Blood Work: Emotional Responses to Early Modern Vampires

Restless Corpses: Early modern vampires had more in common with Nosferatu‘s fearsome Count Orlok than with the dashing Edward Cullen (inset) from the Twilight franchise. Wikimedia Commons.

If the Twilight films have taught us anything, it’s that vampires are brooding, irresistible creatures, with whom it’s possible to fall madly in love. Historical vampires did not usually instil such positive emotions in those they encountered. Unlike the seductive vampire-types of modern literature – reaching their Young Adult apogee in the form of Edward Cullen– the vampires that terrorised Central Europe in the seventeenth and eighteenth centuries were vile, bloated, and pestilential creatures, who spread not romantic angst but misery, disease, and death. Vampires were stereotypical restless corpses, the kind of which have been haunting European folklore since time immemorial. If they did not instil love or lust in those they encountered, then what emotions did they provoke? In what ways did the bodily actions of the undead impact upon the affective responses of their victims? These are questions I investigate in detail in my recent article for Preternature, ‘Emotional Practice and Bodily Performance in Early Modern Vampire Literature’, but I’ll provide a brief account of some of the more interesting and thought provoking case studies here.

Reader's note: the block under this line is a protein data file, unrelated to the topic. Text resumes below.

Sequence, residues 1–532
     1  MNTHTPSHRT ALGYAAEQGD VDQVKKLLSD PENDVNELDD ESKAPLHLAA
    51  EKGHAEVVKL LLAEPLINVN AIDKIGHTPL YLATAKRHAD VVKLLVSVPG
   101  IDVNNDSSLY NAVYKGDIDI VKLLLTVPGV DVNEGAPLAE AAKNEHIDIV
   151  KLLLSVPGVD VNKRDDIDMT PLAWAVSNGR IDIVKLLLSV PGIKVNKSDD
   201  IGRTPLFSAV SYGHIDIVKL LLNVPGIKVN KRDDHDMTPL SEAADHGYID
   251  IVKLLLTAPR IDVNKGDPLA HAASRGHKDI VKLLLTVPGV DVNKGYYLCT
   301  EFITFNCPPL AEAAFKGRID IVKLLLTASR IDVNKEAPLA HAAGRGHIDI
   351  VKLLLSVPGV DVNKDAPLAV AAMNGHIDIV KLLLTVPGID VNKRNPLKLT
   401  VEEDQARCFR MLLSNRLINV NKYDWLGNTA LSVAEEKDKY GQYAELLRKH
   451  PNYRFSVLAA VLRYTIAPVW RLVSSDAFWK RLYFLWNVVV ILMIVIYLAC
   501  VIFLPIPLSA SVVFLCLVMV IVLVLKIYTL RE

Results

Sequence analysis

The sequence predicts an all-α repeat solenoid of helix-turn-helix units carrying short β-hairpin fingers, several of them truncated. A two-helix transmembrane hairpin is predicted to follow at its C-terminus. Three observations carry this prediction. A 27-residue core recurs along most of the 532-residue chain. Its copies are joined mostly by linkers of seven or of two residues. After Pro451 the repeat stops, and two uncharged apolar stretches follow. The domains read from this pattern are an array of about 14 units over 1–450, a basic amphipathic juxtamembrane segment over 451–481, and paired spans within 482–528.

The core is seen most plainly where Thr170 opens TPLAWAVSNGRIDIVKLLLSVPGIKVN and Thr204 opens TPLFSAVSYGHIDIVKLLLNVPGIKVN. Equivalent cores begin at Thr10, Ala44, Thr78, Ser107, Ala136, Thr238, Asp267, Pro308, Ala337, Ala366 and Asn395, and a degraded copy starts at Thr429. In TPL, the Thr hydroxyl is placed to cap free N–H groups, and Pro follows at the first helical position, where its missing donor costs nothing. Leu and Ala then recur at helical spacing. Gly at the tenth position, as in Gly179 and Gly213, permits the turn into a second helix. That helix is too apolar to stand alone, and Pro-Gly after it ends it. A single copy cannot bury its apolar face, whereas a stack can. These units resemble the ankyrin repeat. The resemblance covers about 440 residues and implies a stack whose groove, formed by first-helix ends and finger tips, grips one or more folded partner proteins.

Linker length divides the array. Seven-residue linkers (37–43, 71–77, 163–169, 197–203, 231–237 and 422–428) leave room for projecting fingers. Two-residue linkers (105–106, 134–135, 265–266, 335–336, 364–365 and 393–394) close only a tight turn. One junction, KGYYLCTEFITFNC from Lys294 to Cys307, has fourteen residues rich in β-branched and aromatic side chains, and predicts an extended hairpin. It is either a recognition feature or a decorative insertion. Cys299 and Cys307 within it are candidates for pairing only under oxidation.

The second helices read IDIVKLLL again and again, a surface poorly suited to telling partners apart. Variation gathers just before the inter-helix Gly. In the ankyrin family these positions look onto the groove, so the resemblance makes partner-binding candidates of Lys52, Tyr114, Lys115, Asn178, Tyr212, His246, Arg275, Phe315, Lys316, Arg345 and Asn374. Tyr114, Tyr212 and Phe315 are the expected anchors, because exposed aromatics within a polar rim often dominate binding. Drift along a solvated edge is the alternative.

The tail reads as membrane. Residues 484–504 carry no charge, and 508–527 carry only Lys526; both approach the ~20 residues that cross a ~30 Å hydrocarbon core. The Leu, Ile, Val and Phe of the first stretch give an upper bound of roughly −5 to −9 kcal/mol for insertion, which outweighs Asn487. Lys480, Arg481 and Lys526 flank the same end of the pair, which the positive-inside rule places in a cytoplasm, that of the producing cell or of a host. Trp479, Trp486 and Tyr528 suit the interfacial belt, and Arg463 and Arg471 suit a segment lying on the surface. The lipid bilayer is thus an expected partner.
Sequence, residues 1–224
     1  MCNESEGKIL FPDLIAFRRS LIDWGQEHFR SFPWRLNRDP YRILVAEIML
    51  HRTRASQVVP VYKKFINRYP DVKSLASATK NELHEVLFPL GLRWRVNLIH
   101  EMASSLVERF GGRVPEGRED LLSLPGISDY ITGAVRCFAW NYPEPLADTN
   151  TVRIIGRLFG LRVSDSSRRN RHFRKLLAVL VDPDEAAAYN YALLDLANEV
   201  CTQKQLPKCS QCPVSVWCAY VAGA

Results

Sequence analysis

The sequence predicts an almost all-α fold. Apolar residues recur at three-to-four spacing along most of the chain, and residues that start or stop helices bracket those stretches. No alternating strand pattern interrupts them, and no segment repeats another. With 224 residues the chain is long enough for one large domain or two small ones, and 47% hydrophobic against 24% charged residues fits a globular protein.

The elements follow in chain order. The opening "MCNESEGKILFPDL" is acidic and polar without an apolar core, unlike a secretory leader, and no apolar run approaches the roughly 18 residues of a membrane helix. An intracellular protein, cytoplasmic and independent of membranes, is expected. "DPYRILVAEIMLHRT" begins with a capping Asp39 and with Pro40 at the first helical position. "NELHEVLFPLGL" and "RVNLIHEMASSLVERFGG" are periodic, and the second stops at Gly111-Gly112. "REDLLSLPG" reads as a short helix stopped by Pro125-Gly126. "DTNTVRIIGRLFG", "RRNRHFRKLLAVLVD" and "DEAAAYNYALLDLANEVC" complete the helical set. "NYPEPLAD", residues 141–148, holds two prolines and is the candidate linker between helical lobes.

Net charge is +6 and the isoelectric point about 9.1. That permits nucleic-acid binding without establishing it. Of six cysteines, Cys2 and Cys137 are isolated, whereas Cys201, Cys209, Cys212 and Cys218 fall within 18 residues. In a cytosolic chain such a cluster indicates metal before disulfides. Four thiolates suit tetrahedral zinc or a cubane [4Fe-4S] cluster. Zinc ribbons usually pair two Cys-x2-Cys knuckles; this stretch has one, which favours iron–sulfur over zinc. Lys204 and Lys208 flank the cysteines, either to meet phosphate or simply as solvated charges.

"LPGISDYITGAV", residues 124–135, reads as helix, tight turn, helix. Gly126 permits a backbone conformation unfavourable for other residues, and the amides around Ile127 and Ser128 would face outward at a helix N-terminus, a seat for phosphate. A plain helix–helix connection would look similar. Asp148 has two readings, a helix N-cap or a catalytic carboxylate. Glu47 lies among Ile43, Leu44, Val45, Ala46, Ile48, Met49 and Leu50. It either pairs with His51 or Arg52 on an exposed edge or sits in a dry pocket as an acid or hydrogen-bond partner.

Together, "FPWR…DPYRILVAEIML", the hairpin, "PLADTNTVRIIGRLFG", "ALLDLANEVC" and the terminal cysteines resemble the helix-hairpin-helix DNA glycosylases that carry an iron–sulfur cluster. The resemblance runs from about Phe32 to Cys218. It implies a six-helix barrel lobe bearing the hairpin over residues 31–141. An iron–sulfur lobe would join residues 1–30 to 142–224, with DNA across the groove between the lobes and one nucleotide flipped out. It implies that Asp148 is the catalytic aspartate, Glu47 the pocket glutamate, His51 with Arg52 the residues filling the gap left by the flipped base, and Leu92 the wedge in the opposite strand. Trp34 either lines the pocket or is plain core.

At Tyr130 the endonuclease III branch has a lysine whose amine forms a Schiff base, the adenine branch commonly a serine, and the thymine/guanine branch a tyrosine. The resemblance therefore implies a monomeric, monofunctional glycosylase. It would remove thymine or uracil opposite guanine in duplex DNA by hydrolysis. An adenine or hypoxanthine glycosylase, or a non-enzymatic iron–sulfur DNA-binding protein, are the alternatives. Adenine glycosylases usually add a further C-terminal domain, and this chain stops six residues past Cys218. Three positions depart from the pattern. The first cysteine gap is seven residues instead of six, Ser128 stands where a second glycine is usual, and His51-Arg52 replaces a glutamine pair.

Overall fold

The title page of Henry More’s An Antidote Against Atheism (2nd edition, London, 1655).

Even if the experience was not emotionally positive, there was nonetheless an underlying intimacy to a vampire attack. Many sources relate the fear and confusion felt by the victims as they were assaulted in their beds as they slept. Paraphrasing Martin Weinrich’s account of the restless ghost of a shoemaker that terrorised the Silesian town of Breslau (present day Wrocław, Poland) in 1591, the theologian Henry More records the following:

Those that were asleep it terrified with horrible visions, those that were waking it would strike, pull or press, lying heavy upon them like an Ephialtes… [W]hen men forsook their beds and kept their dining rooms, with Candles lighted, and many of them in company together, the better to secure themselves from fear and disturbance, yet [the ghost] would appear to them and have a bout with some of them notwithstanding…

Other sources where we can discern the emotional responses to nocturnal assaults include Johann Valvasor’s chronicle of Slovenian history, Die Ehre des Hertzogthums Crain (1687), which describes how the corpse of a certain Guire Grando ‘appeared to his terrified widow in her bedroom […] and would then assault her’. References to fear and terror are not confined to early modern vampire attacks. Writing at the end of the twelfth-century, the English chronicler William of Newburgh describes the terror (terruit) felt by an unnamed widow who was ‘crushed’ in bed by her dead husband.

So how do we explain the emotional uniformity of these night-time assaults? As discussed by medical anthropologists and folklorists such as Shelley R. Adler and David J. Hufford, the feeling of being ‘pressed’ by a malign, evil entity is a common symptom of a nightmare attack (aka sleep paralysis combined with REM hallucinations). The fact that on these occasions the instigator was believed to be the ghost of a neighbour or loved one – rather than the more orthodox incubus or ‘hag’ – shows just how ingrained the fear of the restless dead could be.